House considers purchase card oversight bill

The House could soon pass a bill on the abuse of government purchase cards by putting more emphasis on better management on transactions. Passage had been expected July 31, but the day ended without a vote.

The Government Charge Card Abuse Prevention Act (S. 300) would put more record-keeping on the federal employees who have credit cards. The bill would require agencies to keep track of all their card holders and the associated spending limits. It would require approval and the reconciliation of transactions. Payments would have to be timely and accurate, while officials recover improper or even illegal purchases.

Agencies would have to take appropriate actions against employees, including removal, for employees who violate travel card guidelines or commit fraud.

Also, agencies with annual travel card transactions totaling more than $10 million would have to report to the Office of Management and Budget on purchase card violations.

The Senate passed the bill in April by unanimous consent.

In its review of the legislation, the House Oversight and Government Reform Committee noted that the government has saved both time and money with credit cards. However, a small number of employees have abused their privileges. Government employees have used purchase cards to subscribe to Internet dating services, buy video iPods for personal use, and pay for lavish dinners that included top-shelf liquor, according to a Government Accountability Office report from 2008. The result is unnecessary and sometimes fraudulent expenses on agencies' tabs.

Since 1988, federal employees have been required to use government charge cards for expenses associated with official government travel. GAO has reported throughout the last decade on weak controls inside agencies. In the past, GAO has also found a significant number of transactions that officials have not been able to track.

Meanwhile, Congress has tried to pass this legislation and send it to the White House, but lawmakers have failed to do so. In 2009, the Senate passed a version of the bill and the House passed its version. The two couldn't resolve their differences, leaving the bill hanging.

With the House’s expected passage, the legislation may have to cross that same hurdle again.

About the Author

Matthew Weigelt is a freelance journalist who writes about acquisition and procurement.

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Reader comments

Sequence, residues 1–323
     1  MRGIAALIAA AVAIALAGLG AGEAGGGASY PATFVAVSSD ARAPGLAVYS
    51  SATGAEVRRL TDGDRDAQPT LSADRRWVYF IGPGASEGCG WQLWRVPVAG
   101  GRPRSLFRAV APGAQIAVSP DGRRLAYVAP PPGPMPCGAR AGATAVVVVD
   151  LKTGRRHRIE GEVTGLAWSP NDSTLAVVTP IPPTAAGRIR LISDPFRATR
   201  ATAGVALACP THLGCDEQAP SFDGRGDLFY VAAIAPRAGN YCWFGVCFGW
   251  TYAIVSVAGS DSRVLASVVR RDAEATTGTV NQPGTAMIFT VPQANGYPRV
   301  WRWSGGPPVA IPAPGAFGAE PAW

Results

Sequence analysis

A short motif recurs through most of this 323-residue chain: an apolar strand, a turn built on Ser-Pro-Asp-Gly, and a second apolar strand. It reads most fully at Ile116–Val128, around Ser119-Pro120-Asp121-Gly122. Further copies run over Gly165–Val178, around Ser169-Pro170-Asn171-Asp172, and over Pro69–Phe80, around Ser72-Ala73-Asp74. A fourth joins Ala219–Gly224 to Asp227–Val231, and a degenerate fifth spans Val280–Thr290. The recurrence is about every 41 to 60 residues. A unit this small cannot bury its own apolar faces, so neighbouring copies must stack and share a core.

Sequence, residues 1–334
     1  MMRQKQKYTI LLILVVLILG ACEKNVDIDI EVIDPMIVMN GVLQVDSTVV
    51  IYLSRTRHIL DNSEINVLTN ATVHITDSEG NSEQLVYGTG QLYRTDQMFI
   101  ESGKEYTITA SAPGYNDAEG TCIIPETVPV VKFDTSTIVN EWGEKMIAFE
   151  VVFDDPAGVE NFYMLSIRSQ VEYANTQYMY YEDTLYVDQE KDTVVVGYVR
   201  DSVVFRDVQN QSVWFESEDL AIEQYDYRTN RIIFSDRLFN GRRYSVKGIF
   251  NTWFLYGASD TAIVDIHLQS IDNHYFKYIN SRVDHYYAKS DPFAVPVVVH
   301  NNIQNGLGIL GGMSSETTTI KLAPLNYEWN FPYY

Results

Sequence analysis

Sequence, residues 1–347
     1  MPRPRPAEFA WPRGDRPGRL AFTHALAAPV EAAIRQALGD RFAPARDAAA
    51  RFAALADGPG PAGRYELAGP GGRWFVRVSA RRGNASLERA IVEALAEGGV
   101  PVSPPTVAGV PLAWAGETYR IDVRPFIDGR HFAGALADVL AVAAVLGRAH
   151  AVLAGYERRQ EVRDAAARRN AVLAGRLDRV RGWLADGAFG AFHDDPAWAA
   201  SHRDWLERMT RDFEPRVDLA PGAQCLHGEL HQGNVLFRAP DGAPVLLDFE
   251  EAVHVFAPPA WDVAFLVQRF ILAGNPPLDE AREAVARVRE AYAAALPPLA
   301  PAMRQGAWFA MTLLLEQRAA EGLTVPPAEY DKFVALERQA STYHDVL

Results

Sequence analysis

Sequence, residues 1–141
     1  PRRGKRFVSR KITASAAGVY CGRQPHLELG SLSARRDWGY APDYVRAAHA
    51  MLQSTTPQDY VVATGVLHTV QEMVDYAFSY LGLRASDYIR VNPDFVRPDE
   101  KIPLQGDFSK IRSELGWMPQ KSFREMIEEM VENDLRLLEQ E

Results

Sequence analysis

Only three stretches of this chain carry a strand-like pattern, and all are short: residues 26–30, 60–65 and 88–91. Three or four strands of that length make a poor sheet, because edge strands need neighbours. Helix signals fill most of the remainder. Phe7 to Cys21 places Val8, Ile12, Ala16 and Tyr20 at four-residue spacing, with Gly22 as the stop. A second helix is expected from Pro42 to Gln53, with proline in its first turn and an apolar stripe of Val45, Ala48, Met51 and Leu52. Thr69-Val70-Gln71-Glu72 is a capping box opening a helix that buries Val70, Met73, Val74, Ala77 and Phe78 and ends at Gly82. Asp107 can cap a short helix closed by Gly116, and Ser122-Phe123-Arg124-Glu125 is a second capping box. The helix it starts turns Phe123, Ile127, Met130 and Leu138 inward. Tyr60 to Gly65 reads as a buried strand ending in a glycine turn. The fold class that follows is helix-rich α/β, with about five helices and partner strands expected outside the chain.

Wed, Sep 5, 2012

There are already laws and regulations that manage GPCs. Enforce them. Oh, but that would mean that Congressman/woman would not be able to tell the people of their districts that they did something to fix something that already was against the law. Sorry, this kind of stuff has turned me into a real cynic.

Fri, Aug 24, 2012 Govt Employee

I have NEVER understood why the Govt mandates use of the travel card. What is the benefit to the Govt? No one has ever explained this to us. Should there be an OPTION for such a card, in case an employee does not have (or does not wish to use) his or her own credit card? Sure. But why mandate it? We (the employees) are personally responsible to pay that bill, in full, each month. So even if someone DID use the Govt travel card for personal items, the Govt is NOT going to be paying for any of those items. The only items that the Govt pays for are the legitimate expense items on the expense report, regardless of how they were paid for. And God only knows how much the Govt is paying for the "privilege" of having a travel card. Is it worth the cost??? This is the investigation that should be undertaken -- what the benefit is (if any) to the government of having (and mandating use of) the travel card, what the costs of the program are, and if the benefits justify the costs!

Thu, Aug 2, 2012 LuP

I am an APC for the GCPC-used for the purchase of supplies and materials,not the Travel Card. I recently was scheduled to use my travel card for less than $2000. When I checked my availability on the card, I had $7500 limit and $600+ could be withdrawn in cash. It seems to me a more realistic amount could be put on the travel card, based on how much you should use it for. I had $5000 too much on my card and could have abused it. I realize the controls may not be as good on the Travel Card as they are on the GCPC and partly I am sure because they do not have the individuals to monitor the program. If I had been inclined, I could have used a chunk of change to make purchases with my Travel Card.

Wed, Aug 1, 2012 RayW

As pointed out by Civ, there are two different subjects here.

1. the purchase card is scrutinized to the point where are card holders take two days off a month just to justify and reconcile transactions, so now they will have to take off 4 days?

2. Travel cards suck. I am responsible for all purchases on the card, it is my credit report that is fouled up by someone getting the kickback on the card, and it is so limited that about every third trip I have a restaurant (normal family type) decline the card because it is declined for in-appropriate use. I now only use it for the car, gas, hotel, and airline, the "mandatory" uses. I can not understand why some folks think it is abused, since DTS only allows certain transactions, anything else I have to pony up the cash for. I suspect the Washington DC folks may have a different card than use peons out west.

Wed, Aug 1, 2012 A-123 Civ Agency

The article refers to "Purchase Card" and "Travel Card" interchangeably. Actually, these are two separate purchase instruments used for different applications and each has its own set of rules. Lack of oversight for both instruments is a huge problem. Unfortunately, internal control oversight offices within federal agencies are afterthoughts and woefully underfunded.

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